Is there a doctor in the house? At every performance I have attended by the Longwood Symphony, someone in the audience or on stage, makes a version of the same quip. Well, as it turns out, yes.
The Longwood Symphony Orchestra is made up of members of Boston’s health care community, including nurses, doctors, researchers, and medical students. Founded in 1982, it’s earned a distinguished place among the area’s rich network of community orchestras thanks to its unusual makeup, its adventurous programming, and its engaged social mission. In addition to its series of public performances in Jordan Hall, each a benefit for a local health-related nonprofit, its members also bring chamber music to hospitals and rehab centers. What’s more, the group has been at the center of an expanding public and scientific conversation about music and healing, as explored through numerous symposia and as chronicled in the book “Scales to Scalpels,” by Longwood violinist and former president Dr. Lisa Wong.
Two-thirds of Saturday’s program in Jordan Hall consisted of works by living composers, a fact that also emphasized the group’s laudable commitment to helping its audiences deepen their connection to contemporary music. The night opened with John Harbison’s “Remembering Gatsby (Foxtrot for Orchestra),” an early overture-like incarnation of what would eventually become the composer’s grand opera “The Great Gatsby,” written as a Met commission and premiered at that house in 1999. At its center is a Jazz Age pop tune conceived by Harbison and masterfully retrofitted in period garb, insouciantly dapper with an easy swing. Around that tune, however, Harbison foreshadows the tragedy we know the opera has in store with dark, intensely brooding orchestral writing. Next up was Joan Tower’s “Duets,” an intricate concerto for orchestra built out of soloistic duos played in pairs by various members of the orchestra. The piece is just one of two works by Tower that Longwood will be offering this season.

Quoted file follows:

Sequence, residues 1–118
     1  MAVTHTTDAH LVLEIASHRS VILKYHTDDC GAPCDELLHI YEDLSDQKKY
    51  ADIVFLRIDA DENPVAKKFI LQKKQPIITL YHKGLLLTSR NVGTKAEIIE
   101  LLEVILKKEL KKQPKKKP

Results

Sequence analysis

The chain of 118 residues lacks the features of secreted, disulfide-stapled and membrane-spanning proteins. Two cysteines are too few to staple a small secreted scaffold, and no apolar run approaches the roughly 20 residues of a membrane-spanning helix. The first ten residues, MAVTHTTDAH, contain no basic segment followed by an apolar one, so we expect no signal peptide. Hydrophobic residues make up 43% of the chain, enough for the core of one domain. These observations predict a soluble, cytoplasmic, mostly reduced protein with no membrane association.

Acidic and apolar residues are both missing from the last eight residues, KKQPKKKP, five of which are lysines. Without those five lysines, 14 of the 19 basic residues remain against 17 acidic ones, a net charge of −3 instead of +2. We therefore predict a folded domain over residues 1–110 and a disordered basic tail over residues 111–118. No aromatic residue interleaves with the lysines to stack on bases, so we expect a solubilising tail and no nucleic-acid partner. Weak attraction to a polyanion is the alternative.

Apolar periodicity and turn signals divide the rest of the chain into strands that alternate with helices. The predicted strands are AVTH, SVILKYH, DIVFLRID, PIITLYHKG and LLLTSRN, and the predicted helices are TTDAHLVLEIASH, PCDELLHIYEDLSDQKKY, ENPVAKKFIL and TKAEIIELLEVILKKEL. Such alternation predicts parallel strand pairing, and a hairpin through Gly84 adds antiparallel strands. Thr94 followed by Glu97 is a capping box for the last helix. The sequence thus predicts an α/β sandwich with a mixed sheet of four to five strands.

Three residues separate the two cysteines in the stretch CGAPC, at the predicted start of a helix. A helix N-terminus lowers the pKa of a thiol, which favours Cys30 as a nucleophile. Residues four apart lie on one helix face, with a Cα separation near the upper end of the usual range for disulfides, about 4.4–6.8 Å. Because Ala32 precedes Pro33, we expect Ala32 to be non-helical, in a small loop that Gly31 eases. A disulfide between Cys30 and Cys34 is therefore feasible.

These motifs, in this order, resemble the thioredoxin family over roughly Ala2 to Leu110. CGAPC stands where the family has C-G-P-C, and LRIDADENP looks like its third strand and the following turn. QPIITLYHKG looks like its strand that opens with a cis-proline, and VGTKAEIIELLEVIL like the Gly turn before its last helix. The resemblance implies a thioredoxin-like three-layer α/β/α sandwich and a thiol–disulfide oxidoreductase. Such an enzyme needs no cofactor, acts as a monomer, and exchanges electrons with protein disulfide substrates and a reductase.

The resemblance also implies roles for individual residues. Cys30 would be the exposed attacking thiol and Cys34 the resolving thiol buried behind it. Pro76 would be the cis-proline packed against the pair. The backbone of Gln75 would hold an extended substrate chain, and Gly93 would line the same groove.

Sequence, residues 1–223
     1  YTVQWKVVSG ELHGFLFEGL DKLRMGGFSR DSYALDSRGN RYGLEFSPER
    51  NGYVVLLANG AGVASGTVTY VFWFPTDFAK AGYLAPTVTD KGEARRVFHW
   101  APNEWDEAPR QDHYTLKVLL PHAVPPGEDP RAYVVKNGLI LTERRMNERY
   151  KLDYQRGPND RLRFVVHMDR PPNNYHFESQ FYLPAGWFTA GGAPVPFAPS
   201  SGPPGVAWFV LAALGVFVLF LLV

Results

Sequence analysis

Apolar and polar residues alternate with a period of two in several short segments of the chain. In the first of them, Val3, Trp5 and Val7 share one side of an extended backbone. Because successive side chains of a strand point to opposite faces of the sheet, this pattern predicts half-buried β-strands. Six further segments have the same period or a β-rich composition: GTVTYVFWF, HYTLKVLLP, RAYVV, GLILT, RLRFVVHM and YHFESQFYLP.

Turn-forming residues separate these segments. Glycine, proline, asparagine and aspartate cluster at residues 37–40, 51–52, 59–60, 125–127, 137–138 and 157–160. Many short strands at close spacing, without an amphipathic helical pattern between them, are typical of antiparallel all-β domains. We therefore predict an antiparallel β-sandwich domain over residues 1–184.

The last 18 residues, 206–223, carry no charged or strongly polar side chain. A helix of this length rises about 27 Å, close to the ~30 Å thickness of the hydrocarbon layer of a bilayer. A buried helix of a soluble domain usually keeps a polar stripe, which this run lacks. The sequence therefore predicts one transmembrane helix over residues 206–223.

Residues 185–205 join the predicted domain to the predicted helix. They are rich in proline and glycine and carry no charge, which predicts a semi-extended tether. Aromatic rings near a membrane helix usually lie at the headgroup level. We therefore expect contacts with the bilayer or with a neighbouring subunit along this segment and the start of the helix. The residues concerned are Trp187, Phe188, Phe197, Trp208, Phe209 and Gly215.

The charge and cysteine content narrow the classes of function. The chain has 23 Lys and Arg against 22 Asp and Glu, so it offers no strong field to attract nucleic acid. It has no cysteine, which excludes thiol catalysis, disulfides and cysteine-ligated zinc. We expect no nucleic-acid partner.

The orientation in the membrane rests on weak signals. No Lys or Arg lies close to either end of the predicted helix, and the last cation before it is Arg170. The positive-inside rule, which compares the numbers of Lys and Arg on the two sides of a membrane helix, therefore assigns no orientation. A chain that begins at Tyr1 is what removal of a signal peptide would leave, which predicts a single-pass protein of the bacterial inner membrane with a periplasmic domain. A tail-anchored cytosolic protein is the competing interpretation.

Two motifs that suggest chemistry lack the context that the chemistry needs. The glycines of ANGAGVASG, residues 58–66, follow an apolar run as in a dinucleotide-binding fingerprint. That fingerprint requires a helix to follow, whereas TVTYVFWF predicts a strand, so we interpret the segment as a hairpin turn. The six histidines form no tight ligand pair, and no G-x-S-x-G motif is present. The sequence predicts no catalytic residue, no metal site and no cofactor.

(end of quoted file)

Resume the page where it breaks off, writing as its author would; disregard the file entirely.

On Saturday, both of these challenging contemporary pieces, while seemingly pressing the all-volunteer orchestra to the edge of its capacity, also brought out its best, as music director Ronald Feldman, at key moments, drew out expressively rich and deeply committed playing. Tower’s “Duets,” with its emphasis on pairings, also handily set up the evening’s anchor work, Brahms’s mighty Double Concerto for violin, cello, and orchestra.
Longwood has a tradition of recruiting prominent musicians from the Boston area to serve as soloists and on Saturday night, the spotlight was shared by violinist Ayano Ninomiya, a Naumburg Competition winner and NEC faculty member, and cellist Blaise Déjardin, the BSO member appointed last year as the orchestra’s principal cello. First-movement tempo were spacious, and both soloists played with poise and mastery, Déjardin bringing unflappable elegance and a songful quality to a part more typically approached with volcanic intensity, and Ninomiya, at a slightly higher temperature, cutting through the orchestra with rhythmically emphatic, well-chiseled solo lines. This was not a night for a critic to nitpick details about the orchestra’s performance; all participants seemed buoyed by the music as smiles flashed widely afterward, on stage and off, and the audience rose swiftly to its feet. It’s hard to imagine another city with a medical community as musically vibrant and as committed to exploring, in words and in deed, the myriad connections between music and healing. The group’s next Jordan Hall program will be on March 7, with works by Corigliano, Tower, Gershwin, and Ellington.
LONGWOOD SYMPHONY ORCHESTRA
Ronald Feldman, music director.
At: Jordan Hall, Saturday night